It is well known to those skilled in the art that some commercial organic acids available, such as for example, stearic acid and palmitic acid, are very impure and contain large amounts of such materials as oleic acid. In some cases, stearates and palmitates formed from very impure acids are not desirable in carrying out my invention, in which I form unfused surface coatings on coated abrasives having physical and chemical properties similar to those of my zinc stearate coatings, although purer forms of the stearates and palmitates of the same metals may be highly satisfactory for my use.

No theory is advanced for the action of the metallic soaps in decreasing the clogging and gumming of the abrasive fabric. Many materials have been used to accomplish this result, such as greases, waxes, oils, talc, graphite and the like, but they all have disadvantages either in low efliciency or in adversely affecting the wood bystaining, discoloring, decreasing transparency or failing to prevent gumming.

It is apparent that many widely different embodiments of the present invention may be made without departing from the spirit and scope thereof, and therefore, it is. not intended to be limited, except as indicated in the append dclaixn I claim; 7

1- An a s ve heet ompr singa fabric bas n adh i a ach d ther o aving abr sive gri embedd e n u s d surface c ating of all, so i particles consisting essentially of at least one material selected from the group consisting of zinc stearate, calcium stearate, lead stearate, "cadmium stearate, chromic stearate, barium stearate, magnesium stearate, strontium stearate, zinc palmitate, lead palmitate, zinc undecylenate, calcium myristate, aluminum stearate, barium palmitate, calcium palmitate, magnesium palmitate, strontium palmitate, aluminum palmitate, and methylene distearamide on the abrasive side of said sheet in an amount of 0.1 to 50 milligrams per square inch of surface area.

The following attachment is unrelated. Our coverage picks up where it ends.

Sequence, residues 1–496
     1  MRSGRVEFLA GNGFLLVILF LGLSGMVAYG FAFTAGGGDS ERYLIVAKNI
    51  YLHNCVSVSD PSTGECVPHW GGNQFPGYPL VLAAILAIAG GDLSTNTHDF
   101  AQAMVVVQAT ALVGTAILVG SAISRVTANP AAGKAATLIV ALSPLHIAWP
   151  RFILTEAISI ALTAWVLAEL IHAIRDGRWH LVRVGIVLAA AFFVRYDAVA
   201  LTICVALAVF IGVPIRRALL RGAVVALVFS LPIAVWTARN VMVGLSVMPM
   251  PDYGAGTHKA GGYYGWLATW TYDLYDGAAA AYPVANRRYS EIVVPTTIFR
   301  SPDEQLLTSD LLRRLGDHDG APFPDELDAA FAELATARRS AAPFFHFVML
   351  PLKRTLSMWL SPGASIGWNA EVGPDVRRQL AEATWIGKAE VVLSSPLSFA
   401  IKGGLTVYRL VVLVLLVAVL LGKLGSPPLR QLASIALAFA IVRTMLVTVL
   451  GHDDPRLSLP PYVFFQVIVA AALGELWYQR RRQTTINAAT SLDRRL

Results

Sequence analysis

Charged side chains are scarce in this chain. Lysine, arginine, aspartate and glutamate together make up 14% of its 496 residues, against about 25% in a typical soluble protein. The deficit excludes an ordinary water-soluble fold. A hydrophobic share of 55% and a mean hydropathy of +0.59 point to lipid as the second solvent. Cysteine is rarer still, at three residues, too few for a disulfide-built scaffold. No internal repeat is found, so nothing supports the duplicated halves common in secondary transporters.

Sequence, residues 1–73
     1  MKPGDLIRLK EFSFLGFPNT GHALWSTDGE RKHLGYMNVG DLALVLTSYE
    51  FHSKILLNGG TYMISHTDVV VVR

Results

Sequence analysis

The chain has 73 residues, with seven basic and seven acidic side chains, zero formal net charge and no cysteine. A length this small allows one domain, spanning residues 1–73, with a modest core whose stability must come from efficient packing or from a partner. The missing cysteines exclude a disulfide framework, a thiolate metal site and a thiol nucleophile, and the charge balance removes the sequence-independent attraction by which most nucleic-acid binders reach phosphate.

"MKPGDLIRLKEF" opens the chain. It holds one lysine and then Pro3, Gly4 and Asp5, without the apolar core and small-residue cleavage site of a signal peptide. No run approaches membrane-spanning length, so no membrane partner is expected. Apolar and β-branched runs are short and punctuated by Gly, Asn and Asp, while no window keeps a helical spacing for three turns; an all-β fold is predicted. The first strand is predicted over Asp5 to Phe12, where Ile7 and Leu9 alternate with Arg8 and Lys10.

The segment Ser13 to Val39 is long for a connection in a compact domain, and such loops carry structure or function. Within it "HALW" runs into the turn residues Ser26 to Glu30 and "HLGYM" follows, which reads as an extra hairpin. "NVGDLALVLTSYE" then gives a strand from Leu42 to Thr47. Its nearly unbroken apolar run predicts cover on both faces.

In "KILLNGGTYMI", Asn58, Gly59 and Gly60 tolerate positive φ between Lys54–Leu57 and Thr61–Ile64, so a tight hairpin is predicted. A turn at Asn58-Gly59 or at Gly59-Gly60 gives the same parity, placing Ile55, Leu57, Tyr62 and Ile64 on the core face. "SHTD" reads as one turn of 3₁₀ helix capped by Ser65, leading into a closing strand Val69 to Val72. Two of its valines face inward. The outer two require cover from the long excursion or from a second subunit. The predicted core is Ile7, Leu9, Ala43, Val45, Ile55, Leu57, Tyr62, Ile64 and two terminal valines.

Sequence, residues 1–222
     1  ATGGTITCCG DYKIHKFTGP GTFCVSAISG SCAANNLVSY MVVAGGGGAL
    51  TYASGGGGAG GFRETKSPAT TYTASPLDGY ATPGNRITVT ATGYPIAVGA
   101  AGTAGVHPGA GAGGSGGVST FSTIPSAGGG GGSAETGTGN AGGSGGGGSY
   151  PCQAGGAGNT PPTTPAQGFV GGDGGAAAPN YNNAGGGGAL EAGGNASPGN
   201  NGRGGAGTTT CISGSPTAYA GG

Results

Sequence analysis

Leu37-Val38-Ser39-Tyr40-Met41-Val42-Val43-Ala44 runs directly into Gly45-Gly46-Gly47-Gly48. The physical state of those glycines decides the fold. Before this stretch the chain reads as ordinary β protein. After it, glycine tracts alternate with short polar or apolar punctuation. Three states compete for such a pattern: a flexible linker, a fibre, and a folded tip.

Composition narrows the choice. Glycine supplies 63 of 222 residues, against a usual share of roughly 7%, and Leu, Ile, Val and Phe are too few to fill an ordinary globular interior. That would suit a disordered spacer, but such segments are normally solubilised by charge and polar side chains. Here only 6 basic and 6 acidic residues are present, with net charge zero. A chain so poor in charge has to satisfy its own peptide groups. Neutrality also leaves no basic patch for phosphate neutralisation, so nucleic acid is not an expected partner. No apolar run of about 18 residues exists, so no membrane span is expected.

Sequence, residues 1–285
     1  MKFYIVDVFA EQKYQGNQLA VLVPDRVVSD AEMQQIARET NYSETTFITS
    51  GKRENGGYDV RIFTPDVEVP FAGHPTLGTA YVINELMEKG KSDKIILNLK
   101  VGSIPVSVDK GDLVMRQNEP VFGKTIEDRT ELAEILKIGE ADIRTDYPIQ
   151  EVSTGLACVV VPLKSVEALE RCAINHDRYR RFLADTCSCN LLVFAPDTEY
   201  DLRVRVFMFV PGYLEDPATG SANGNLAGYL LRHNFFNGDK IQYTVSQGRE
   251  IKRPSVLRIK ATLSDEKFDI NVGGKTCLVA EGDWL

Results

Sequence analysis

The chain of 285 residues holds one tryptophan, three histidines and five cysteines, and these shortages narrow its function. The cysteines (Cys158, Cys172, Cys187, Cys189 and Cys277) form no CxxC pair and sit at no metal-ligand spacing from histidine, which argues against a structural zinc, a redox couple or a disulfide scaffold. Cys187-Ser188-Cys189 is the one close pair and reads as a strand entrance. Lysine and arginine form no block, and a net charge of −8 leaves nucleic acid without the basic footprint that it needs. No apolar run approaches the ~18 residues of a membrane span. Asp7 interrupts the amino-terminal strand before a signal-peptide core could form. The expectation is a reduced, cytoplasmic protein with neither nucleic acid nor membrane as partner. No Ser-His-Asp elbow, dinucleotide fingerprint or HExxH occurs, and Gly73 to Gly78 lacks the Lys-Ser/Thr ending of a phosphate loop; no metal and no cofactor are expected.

2. The article of claim 1, in which the unfused solid surface coating is present in amount between 0.5 and 25 milligrams per square inch of surface area.

3. An abrasive sheet comprising a fabric base, an adhesive attached thereto having abrasive grits embedded therein, and an unfused surface coating of small, solid particles of zinc stearate on the abrasive side of said sheet in an amount of 0.1 to 50 milligrams per square inch of surface area.

4. An abrasive sheet comprising a fabric base, an adhesive attached thereto having abrasive grits embedded therein, and an unfused surface coating of small, solid particles of calcium stearate on the abrasive side of said sheet in an amount of 0.1 to 50 milligrams per square inch of surface area.

5. An abrasive sheet comprising a fabric base, an adhesive attached thereto having abrasive grits embedded therein, and an unfused surface coating of small, solid particles of lead stearate on the abrasive side of said sheet in an amount of 0.1 to 50 milligrams per square inch of surface area.

6. An abrasive sheet comprising a fabric base, an adhesive attached thereto having abrasive grits embedded therein, and an unfused surface coating of small, solid particles of zinc palmitate on the abrasive side of said sheet in an amount of 0.1 to 50 milligrams per square inch of surface area.

7. An abrasive sheet comprising a fabric base, an adhesive attached thereto having abrasive grits embedded therein, and an unfused surface coating of small solid particles of methylene distearamide on the abrasive side of said sheet in an amount of 0.1 to 50 milligrams per square inch of surface area.